Study Guide

The Eve of St. Agnes Stanza 1

By John Keats

Stanza 1

St. Agnes' Eve--Ah, bitter chill it was!
The owl, for all his feathers, was a-cold;
The hare limp'd trembling through the frozen grass,
And silent was the flock in woolly fold:
Numb were the Beadsman's fingers, while he told
His rosary, and while his frosted breath,
Like pious incense from a censer old,
Seem'd taking flight for heaven, without a death,
Past the sweet Virgin's picture, while his prayer he saith.

  • Man it's cold out here—the poem's speaker starts by describing how the night is so frigid that even the animals are feeling it.
  • It's not just cold, though. It's also really, really quiet. Even the sheep aren't making a peep… or a baa. 
  • And which night is it, you may well ask? Specifically, it's the Eve of St. Agnes (we bet you didn't see that one coming). What's her claim to fame, then? We're not told in this stanza, so we'll have to keep reading. 
  • In the meantime, it's not just owls and sheep who are getting cold: we now have a very chilly Beadsman, semi-paralyzed by the cold, who's praying.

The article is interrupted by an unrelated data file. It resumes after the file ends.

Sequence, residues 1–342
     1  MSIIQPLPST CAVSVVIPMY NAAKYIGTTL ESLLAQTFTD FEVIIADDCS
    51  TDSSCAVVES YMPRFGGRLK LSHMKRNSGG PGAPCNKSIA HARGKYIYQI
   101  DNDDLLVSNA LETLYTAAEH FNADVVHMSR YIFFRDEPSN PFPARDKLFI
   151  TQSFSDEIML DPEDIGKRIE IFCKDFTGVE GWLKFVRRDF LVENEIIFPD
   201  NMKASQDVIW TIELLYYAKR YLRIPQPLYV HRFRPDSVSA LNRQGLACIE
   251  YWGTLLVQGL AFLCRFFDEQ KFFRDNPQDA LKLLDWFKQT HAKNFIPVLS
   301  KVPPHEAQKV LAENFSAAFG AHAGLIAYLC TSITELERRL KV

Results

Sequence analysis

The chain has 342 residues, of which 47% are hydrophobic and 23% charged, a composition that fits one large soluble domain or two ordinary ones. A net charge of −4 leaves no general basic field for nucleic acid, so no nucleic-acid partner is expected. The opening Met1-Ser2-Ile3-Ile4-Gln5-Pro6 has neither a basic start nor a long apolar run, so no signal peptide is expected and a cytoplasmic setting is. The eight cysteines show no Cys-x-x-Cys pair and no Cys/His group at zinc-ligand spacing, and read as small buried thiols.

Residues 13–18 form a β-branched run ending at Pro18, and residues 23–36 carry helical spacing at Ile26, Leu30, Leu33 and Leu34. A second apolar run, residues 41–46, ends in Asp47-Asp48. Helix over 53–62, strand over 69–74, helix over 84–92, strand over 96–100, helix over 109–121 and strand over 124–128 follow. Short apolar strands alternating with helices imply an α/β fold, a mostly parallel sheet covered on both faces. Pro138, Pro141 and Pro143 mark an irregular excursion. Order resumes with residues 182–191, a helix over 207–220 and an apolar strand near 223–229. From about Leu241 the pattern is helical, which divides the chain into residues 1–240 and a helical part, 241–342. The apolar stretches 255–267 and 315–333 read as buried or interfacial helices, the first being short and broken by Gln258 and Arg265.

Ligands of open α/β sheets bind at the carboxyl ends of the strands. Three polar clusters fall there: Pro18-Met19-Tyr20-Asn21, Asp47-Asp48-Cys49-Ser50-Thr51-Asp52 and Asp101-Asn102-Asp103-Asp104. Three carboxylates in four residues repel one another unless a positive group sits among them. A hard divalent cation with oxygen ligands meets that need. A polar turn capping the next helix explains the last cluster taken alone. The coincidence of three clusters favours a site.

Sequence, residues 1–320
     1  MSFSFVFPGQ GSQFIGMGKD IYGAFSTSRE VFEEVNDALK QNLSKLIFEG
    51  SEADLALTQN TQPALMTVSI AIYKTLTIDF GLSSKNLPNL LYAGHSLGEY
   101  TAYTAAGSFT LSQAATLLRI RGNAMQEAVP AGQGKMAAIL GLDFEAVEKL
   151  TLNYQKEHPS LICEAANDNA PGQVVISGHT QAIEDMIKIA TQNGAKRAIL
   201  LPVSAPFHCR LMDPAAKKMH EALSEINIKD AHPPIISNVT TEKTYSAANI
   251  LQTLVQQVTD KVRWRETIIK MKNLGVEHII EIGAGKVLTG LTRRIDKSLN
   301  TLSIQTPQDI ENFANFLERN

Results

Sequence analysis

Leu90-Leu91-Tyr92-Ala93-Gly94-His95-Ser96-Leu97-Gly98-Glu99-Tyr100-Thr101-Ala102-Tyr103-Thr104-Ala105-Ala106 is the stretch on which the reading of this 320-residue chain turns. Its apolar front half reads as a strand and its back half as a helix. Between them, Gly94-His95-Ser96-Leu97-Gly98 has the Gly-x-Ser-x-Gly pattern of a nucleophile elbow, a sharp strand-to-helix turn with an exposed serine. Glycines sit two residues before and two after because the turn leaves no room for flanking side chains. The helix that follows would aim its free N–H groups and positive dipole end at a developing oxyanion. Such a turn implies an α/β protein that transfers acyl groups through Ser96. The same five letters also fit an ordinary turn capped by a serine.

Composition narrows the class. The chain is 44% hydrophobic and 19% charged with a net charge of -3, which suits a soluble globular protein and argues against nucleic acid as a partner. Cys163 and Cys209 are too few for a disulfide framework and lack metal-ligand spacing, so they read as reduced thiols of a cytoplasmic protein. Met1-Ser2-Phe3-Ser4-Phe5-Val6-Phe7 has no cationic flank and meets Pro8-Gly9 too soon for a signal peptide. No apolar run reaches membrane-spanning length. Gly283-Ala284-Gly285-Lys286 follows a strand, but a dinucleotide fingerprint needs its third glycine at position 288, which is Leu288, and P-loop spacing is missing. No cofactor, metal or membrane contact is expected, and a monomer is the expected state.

• Presumably he's inside (remember that this was way before central heating) because there's a picture of the Virgin Mary.
  • A beadsman is not, in fact, a man made of beads (good guess). He's a pensioner (read: retiree) who gets paid to say prayers for his benefactor. After all, really, who has time to say their own prayers these days?
  • The speaker uses a simile to compare his "frosted breath" to incense from a censer, which would be used in a Catholic mass service. The steam of his breath in the chill is loaded with prayers, going straight up to heaven "without a death."
  • This is neat—his breath, itself holy, becomes the frigid air and gets the special Fast Trak pass up to heaven without even having to first die like all other creatures. 
  • A word about form here: as you can tell with just a glance, this poem is made up of a bunch of stanzas of the same length. Specifically, they're Spenserian stanzas; named after, you guessed it, a dude named Spenser (Edmund Spencer to be precise). To get the full low-down on Spenserian stanzas and the jazzy stuff they're doing in this poem, head on over to "Form and Meter."